Libraries After Dark: a public health pilot

Jane Cowell
Jun 29 · 6 min read

Libraries After Dark is the brain child of Darebin Council Councillor Susan Rennie and Moreland Council Social Policy Officer Judy Spokes. Funded by the State Government’s Victorian Responsible Gambling Foundation this pilot project set out to determine a simple proposition. If Libraries offered a regular late night opening with activities and learning opportunities and a social get together this may divert people at risk of a loss spiral at the local pokies. In essence it was designed to encourage people to move from the local gambling lounge to their community lounge — their local library.

Four Councils, each with a public library, a high loss gambling venue and relative socio-economic disadvantages, and few accessible evening recreation options, came together to deliver the Libraries After Dark program. These were the City of Darabin (Preston Library), City of Hume (Broadmeadows Library), Moreland City Council (Glenroy Library) and the City of Whittlesea, Mill Park Library. These libraries focused on creating late night programs that were meaningful for their individual communities — that connected people to people and also to their local place, to instill a sense of belonging.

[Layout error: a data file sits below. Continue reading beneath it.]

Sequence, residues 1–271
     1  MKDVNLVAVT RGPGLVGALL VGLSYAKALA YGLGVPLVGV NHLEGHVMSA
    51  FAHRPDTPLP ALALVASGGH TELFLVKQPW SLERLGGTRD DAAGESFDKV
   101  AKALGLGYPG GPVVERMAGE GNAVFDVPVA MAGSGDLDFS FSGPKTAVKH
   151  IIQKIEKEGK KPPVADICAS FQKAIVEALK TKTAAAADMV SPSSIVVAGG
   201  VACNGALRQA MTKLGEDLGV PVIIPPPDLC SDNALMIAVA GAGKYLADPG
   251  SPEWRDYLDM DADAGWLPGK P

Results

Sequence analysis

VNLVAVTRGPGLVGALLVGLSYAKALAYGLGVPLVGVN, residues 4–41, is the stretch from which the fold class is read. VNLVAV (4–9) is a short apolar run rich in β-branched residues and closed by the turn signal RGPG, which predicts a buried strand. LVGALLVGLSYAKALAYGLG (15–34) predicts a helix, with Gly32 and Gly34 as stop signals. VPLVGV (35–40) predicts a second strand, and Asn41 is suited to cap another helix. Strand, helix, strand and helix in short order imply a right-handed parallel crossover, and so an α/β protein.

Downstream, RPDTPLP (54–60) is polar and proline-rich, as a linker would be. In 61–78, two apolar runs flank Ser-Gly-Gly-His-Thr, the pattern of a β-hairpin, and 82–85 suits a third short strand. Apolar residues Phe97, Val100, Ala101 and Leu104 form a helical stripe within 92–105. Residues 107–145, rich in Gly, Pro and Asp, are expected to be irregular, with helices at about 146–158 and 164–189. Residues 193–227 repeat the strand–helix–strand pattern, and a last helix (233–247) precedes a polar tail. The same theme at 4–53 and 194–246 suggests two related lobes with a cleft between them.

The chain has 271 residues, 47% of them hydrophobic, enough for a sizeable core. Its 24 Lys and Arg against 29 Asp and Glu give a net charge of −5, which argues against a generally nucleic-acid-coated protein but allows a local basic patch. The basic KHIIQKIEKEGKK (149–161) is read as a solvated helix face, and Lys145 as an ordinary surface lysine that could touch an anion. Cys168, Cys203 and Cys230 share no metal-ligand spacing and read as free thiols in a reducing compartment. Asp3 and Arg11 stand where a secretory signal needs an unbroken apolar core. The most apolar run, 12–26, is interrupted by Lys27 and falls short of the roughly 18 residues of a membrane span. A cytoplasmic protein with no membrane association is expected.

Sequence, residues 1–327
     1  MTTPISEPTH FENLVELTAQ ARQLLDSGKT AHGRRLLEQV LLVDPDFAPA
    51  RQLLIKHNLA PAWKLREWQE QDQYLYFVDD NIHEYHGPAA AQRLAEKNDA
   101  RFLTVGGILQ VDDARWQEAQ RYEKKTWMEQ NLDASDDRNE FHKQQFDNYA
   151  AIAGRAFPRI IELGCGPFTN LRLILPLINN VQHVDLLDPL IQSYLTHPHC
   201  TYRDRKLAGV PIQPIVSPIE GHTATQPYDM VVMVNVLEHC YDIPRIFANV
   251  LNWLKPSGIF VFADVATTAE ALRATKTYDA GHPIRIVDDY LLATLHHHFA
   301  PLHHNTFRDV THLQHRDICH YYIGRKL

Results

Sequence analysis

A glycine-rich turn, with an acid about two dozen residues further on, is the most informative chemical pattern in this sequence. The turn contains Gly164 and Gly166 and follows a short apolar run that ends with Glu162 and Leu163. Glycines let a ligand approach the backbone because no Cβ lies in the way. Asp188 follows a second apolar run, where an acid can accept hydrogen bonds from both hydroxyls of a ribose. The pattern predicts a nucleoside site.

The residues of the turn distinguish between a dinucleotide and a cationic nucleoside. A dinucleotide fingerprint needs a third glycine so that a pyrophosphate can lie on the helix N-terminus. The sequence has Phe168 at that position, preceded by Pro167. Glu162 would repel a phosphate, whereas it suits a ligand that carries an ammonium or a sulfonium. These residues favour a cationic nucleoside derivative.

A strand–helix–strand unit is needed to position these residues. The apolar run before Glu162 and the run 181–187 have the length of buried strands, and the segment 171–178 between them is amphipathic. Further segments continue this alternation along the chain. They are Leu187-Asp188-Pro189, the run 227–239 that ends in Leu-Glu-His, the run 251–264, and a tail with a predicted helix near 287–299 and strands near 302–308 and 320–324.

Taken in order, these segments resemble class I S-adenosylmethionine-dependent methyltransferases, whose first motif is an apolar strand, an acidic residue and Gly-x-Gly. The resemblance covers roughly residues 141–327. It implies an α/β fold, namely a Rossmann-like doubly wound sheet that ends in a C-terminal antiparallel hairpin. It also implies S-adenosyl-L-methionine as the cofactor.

So what did they do. All four libraries opened one night a week till 10 pm. As social isolation was recognised as a major risk factor for the risk of falling into gambling addiction this was the principle driver the program tried to address. Gambling venues are appealing, warm and welcoming, open to singles without them feeling out of place or unsafe and of course they are also open late. Libraries After Dark created a welcoming, safe alternative welcoming space. As this was a pilot project we did have success measures to attempt to provide evidence that this type of social intervention could work to address the needs of those at most risk of gambling harm.

Each library offered a variety of options. The key success factors were that there was something to do, something to eat and drink, it was warm, and there was no pressure on those who were in the library to join in if they chose just to be there.

  1. Increase Awareness of the Local Library as an alternative social option to gambling venues

A total of 33,404 people attended the program across the four libraries — well over the expected audience. Evidence that the targeted audience as reached is provided in the feedback forms and that gambling awareness / support services pamphlets were taken. Some of the activities were designed with and in partnership with local gambling harm support services which increased awareness of the help available locally.